The Supreme Court noted that the review petitions "lacked merit".

Supreme Court upholds clean chit to Union govt on Rafale dealPTI photo
news Rafale Thursday, November 14, 2019 - 10:56

The Supreme Court on Thursday upheld the clean chit to the Union government in the controversial Rafale case, and dismissed the review petitions filed by former Union Ministers Yashwant Sinha, Arun Shourie, and lawyer Prashant Bhushan as they "lacked merit."

The case has taken several turns, especially over the last few months. Here is an explainer on the controversial Rafale deal and why the Supreme Court decided to hear the review petition despite giving the Central government a clean chit in 2018.

What is the Rafale Deal?

In 2012, the Indian Air Force, which was seeking to phase out old Russian fighter jets, narrowed down on Rafale, built by France’s Dassault, and the Eurofighter Typhoon. The UPA government under the then Prime Minister Manmohan Singh, had decided to buy 18 Rafale fighter jets from Dassault, and decided to build the rest in India along with the state-owned Hindustan Aeronautics Limited (HAL).

For two years, talks with India and France were inconclusive and finally in 2015, after Prime Minister Narendra Modi’s visit to France, he announced a new deal. India would now acquire 36 Rafale jets from France in fly-away condition. The deal was estimated to cost India Rs 59,000 crore and the aircrafts would be made in France. The agreement also mandated that Dassault would have to offset 50% of the total cost (Rs 59,000 crore) in India. An offset clause makes the companies supplying defence equipment to spend a portion of the money in a certain way as prescribed by the agreement. This clause mandated that 50% of what India would be paying Dassault would be invested in the Indian defence system.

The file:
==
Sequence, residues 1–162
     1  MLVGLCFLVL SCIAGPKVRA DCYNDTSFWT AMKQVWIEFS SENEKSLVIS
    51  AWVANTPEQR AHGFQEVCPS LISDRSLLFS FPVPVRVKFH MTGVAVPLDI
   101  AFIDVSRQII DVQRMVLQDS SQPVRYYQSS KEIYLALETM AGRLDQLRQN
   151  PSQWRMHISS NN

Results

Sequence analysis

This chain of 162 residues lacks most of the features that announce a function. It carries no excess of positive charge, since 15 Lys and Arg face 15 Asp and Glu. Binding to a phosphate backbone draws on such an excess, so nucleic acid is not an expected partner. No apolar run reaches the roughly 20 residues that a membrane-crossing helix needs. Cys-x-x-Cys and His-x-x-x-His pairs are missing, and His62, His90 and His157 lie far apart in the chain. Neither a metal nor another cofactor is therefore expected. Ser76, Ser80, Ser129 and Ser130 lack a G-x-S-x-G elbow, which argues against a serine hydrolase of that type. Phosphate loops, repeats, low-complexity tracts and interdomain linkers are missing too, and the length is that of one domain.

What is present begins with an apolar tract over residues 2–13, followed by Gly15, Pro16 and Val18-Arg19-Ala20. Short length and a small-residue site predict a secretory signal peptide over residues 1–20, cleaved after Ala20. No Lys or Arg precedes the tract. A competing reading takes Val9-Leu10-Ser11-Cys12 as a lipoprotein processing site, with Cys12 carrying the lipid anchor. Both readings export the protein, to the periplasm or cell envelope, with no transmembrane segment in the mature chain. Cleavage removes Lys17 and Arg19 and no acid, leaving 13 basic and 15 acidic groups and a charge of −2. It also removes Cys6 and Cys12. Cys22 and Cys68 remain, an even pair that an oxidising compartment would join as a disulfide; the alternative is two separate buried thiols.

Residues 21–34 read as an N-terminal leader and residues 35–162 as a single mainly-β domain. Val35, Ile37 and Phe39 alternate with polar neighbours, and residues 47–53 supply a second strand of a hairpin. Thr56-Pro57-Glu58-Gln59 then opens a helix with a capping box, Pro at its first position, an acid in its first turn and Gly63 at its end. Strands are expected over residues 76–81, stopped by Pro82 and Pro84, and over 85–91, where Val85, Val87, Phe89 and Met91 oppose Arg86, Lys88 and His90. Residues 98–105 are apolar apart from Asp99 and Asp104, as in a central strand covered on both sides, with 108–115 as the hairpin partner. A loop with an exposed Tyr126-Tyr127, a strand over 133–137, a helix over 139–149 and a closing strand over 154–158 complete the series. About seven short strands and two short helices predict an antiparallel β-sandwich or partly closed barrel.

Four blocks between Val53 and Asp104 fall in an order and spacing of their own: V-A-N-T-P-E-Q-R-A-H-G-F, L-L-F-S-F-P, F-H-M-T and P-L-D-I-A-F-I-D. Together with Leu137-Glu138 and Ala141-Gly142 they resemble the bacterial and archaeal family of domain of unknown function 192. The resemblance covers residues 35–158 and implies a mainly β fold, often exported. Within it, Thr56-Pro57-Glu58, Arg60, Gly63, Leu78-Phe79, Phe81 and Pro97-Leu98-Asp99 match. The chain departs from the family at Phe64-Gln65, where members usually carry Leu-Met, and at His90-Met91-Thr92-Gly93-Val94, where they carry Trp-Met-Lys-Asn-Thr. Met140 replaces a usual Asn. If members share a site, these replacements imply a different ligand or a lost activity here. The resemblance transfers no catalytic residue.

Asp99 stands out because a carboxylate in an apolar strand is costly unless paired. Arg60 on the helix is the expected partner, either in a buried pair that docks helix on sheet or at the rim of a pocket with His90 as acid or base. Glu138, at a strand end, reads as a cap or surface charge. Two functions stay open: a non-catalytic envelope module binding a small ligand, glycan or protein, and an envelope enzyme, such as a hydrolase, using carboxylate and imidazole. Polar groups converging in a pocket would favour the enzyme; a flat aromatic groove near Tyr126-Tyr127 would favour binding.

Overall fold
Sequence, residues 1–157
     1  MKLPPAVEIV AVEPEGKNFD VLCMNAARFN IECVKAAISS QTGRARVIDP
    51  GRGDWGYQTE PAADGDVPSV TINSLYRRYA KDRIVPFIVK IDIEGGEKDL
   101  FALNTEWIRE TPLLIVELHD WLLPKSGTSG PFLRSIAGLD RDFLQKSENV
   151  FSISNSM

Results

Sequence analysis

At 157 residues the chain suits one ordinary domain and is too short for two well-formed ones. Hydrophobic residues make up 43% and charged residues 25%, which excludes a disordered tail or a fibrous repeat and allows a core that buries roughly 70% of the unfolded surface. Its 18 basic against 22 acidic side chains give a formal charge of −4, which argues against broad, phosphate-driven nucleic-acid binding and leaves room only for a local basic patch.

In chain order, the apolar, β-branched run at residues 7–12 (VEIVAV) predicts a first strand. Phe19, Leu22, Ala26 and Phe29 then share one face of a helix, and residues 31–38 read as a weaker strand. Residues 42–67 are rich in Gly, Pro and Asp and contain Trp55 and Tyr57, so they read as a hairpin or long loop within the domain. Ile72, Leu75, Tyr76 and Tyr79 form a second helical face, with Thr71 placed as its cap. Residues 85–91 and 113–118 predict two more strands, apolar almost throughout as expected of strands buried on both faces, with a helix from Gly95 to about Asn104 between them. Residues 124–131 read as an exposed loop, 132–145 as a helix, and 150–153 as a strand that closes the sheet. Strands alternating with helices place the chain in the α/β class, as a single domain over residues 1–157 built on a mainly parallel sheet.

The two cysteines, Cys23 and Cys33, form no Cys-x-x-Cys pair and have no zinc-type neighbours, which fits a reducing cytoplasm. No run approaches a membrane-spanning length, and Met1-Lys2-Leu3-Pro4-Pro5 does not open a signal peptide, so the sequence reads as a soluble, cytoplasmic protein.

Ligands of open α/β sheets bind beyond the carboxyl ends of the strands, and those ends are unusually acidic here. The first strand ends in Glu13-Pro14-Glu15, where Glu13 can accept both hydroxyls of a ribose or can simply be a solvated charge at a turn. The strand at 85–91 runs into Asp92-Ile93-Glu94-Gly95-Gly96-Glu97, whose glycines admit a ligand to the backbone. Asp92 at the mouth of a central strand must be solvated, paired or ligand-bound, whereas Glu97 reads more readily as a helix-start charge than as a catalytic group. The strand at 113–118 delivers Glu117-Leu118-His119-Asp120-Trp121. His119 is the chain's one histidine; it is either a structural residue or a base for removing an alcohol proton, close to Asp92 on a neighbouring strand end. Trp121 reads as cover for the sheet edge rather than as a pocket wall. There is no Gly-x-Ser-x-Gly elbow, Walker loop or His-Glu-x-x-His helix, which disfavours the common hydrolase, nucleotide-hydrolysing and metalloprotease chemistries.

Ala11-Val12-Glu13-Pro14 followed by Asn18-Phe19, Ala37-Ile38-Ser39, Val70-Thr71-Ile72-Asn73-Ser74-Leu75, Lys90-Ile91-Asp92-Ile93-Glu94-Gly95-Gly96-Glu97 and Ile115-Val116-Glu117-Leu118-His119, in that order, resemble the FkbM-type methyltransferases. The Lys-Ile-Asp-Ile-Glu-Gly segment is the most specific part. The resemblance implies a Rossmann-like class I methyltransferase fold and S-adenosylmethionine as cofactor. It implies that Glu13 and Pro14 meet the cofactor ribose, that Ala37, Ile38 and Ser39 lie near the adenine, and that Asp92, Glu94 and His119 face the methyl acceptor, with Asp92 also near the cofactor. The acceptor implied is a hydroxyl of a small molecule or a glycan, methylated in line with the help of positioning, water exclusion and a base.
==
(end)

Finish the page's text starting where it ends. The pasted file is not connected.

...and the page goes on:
Out of around 75 firms listed under the offset clause, the makers of Rafale — Dassault Aviation— was allowed to choose any company it wanted for France to invest the said amount in, the deal stated.

In November 2017, the Congress alleged that the government was not being transparent about the price of the deal. The party alleged that the NDA government was paying thrice the amount for each aircraft than what the UPA had agreed upon.

The Congress has also alleged that the Anil Ambani-led Reliance Defence Limited had been unfairly chosen as the Indian partner under the offset clause, claiming that this was done to ‘favour’ Anil Ambani’s company as the private firm had no prior experience in aerospace manufacturing. Congress President Rahul Gandhi demanded that the government put on public record the details of the deal.

So how did the Rafale deal end up at the doors of the Supreme Court?

Former French President Francois Hollande’s statement and the SC case

In September 2018, several media outlets reported that the former President of France, Francois Hollande, had said that the French government had no choice in the Rafale deal but to choose Reliance Group as its offset partner.